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Pro-government media says Syrian army preparing 'huge' operation in Ghouta

Thousands have been evacuated from the besieged rebel-held enclave in the last week
A Syrian rebel fighter slinging a Kalashnikov assault rifle and a Violet NGO volunteer help another injured man walk after arriving in the village of Qalaat al-Madiq (AFP)

The Syrian army is preparing to launch a "huge" operation against the last rebel-held town in eastern Ghouta unless the Jaish al-Islam rebel group agrees to hand over the area, a pro-Syrian government newspaper reported on Wednesday.

"The forces deployed in Ghouta are preparing a huge military operation in Douma if the Jaish al-Islam terrorists do not agree to hand over the city and depart," al-Watan newspaper said.

The warning comes as the largest convoy yet of Eastern Ghouta evacuees arrived in northwestern Syria on Tuesday.

Government troops, backed by Russia and loyalist militia, launched a ferocious assault more than a month ago to retake the enclave on the outskirts of Damascus.

They have recaptured more than 90 percent of it and are draining the last rebel-held pockets through negotiated withdrawals brokered by Russia.

Russia and the Syrian government it supports reportedly threatened to resume their blistering bombardment if the last holdout pocket that includes the main Ghouta town of Douma does not agree to a similar deal.

Jaish al-Islam, the powerful Islamist faction that holds Douma, had hoped talks with Moscow would result in their staying in the town, instead of being bussed out like other rebels.

But negotiations have stalled and Russia is reverting to its initial "leave or die" approach, two opposition sources close to the negotiations said.

"At the end of their meeting Monday, the Russians gave Jaish al-Islam two choices: surrender or face an attack," one of them told AFP.

Jaish al-Islam spokesman Hamza Bayraqdar had said the negotiations were for a deal whereby the group lays down its heavy weapons in exchange for government-provided water and electricity returning to the town.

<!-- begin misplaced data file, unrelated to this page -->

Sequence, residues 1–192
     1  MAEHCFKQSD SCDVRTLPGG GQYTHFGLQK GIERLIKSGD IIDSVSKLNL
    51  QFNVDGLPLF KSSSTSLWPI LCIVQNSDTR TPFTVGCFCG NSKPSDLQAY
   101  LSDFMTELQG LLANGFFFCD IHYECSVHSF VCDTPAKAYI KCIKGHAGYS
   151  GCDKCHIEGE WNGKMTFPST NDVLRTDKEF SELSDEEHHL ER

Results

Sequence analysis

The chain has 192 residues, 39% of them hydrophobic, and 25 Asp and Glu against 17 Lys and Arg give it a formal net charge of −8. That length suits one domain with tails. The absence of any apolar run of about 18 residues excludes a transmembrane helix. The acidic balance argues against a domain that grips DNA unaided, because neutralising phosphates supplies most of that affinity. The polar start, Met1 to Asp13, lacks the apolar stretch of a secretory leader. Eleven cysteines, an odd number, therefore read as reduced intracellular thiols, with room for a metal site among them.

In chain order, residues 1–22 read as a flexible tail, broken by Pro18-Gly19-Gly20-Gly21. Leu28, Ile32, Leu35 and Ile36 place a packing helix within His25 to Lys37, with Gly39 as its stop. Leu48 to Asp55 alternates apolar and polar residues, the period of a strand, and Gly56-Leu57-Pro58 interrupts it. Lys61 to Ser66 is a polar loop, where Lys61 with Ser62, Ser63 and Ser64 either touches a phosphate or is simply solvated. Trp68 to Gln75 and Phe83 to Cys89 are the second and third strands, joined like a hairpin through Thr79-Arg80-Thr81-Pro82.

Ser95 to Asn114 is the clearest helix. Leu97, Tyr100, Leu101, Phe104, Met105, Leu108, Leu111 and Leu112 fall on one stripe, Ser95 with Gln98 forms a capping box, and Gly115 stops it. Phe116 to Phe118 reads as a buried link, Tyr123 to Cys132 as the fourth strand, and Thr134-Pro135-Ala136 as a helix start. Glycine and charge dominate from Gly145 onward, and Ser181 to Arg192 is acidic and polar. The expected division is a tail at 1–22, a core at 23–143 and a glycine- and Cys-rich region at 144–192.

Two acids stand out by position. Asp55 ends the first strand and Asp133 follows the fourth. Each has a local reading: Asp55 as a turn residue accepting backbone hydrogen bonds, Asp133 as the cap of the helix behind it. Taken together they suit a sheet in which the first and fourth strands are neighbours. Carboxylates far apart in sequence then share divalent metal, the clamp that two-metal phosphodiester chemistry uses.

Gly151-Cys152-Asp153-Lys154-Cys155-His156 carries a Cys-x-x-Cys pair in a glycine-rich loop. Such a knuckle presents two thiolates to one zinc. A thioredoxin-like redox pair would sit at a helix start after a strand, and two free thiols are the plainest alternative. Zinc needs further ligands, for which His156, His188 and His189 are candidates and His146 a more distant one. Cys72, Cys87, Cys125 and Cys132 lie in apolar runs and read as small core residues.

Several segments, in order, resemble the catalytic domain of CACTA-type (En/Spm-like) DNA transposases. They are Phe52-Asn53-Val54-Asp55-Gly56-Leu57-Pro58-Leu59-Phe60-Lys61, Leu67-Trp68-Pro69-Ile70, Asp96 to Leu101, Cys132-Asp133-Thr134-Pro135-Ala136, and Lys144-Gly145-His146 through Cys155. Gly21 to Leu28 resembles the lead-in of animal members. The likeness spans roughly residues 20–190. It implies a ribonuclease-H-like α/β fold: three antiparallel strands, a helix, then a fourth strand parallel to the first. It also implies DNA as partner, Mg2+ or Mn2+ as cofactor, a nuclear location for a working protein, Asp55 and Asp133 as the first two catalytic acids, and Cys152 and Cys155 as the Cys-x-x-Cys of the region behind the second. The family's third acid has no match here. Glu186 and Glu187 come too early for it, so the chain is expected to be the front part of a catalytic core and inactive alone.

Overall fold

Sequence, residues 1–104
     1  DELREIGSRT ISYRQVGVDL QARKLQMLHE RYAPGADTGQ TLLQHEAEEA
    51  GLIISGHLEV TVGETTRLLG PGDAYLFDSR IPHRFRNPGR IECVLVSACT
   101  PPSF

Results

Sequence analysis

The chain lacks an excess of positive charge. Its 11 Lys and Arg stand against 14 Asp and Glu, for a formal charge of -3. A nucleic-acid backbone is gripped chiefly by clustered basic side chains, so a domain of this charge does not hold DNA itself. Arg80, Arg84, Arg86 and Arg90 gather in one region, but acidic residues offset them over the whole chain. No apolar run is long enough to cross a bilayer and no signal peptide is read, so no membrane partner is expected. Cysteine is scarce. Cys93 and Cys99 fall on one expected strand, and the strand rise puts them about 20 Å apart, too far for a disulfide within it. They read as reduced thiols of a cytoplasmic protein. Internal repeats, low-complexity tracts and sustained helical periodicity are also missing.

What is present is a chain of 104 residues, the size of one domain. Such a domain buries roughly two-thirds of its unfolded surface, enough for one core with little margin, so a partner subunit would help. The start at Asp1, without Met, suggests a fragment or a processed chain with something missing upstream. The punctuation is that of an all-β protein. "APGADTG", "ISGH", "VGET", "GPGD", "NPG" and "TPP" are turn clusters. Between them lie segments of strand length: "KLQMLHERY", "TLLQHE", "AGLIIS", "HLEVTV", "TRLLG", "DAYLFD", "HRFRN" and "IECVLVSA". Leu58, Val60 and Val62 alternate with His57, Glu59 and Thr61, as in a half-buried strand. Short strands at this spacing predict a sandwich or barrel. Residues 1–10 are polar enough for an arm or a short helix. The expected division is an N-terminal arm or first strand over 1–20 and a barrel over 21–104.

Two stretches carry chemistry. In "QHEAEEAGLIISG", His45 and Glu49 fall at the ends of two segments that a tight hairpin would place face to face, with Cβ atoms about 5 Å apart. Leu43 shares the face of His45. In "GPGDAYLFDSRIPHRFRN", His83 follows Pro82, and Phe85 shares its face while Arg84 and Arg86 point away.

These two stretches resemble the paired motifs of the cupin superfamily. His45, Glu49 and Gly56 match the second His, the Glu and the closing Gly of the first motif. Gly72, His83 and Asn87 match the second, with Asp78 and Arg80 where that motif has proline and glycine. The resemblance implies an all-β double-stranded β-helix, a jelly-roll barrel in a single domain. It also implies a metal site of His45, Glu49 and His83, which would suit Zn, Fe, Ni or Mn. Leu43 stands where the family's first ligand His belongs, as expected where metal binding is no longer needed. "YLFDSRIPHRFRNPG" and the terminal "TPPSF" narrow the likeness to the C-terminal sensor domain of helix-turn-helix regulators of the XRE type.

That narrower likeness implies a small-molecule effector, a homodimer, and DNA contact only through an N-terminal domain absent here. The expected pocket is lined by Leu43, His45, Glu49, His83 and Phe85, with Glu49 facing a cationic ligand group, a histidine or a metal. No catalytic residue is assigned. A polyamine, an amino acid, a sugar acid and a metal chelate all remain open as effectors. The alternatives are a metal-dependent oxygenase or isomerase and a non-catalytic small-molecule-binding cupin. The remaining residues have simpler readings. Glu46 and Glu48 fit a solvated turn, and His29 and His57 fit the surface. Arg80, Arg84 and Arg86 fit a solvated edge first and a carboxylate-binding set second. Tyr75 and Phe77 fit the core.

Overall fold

Two deals have already seen thousands of rebels, their relatives and other civilians bussed out of bombed-out Ghouta districts to Idlib, a northwestern province that is mostly out of government control.

Thousands board buses

The largest numbers have quit the towns of Arbin and Zamalka, and the adjacent district of Jobar, all controlled by the Faylaq al-Rahman Islamist faction.

The group reached a deal with Moscow on Friday and its implementation began the following morning with nearly 1,000 people boarding buses and leaving.

The numbers have grown steadily since, with the biggest convoy yet departing in the early hours of Tuesday with more than 6,700 people aboard.

They arrived Tuesday afternoon in the Qalaat al-Madiq area of central Hama province, a staging ground frequently used in such deals, an AFP correspondent said.

In Qalaat al-Madiq, a man wearing an ammunition belt unloaded a bag from a bus hold, while a young man with his leg in a cast was wheeled away by rescue workers.

That convoy brought the total number of evacuees from areas under Faylaq al-Rahman's control to more than 13,000 people.

The group's spokesman, Wael Alwan, has said as many as 30,000 people could be evacuated in all.

President Bashar al-Assad has used such evacuation agreements to recover swathes of territory since the uprising against his rule began seven years ago this month.

They have usually begun with the military encirclement of an area, followed by bombardment and a ground operation before a deal is reached.

Eastern Ghouta lies within mortar range of Damascus, and rebels had repeatedly used it as a launchpad for rocket attacks on the capital.

The government responded with a crippling half-decade siege of the enclave's 400,000 residents, sealing off access to food, medicines and other goods.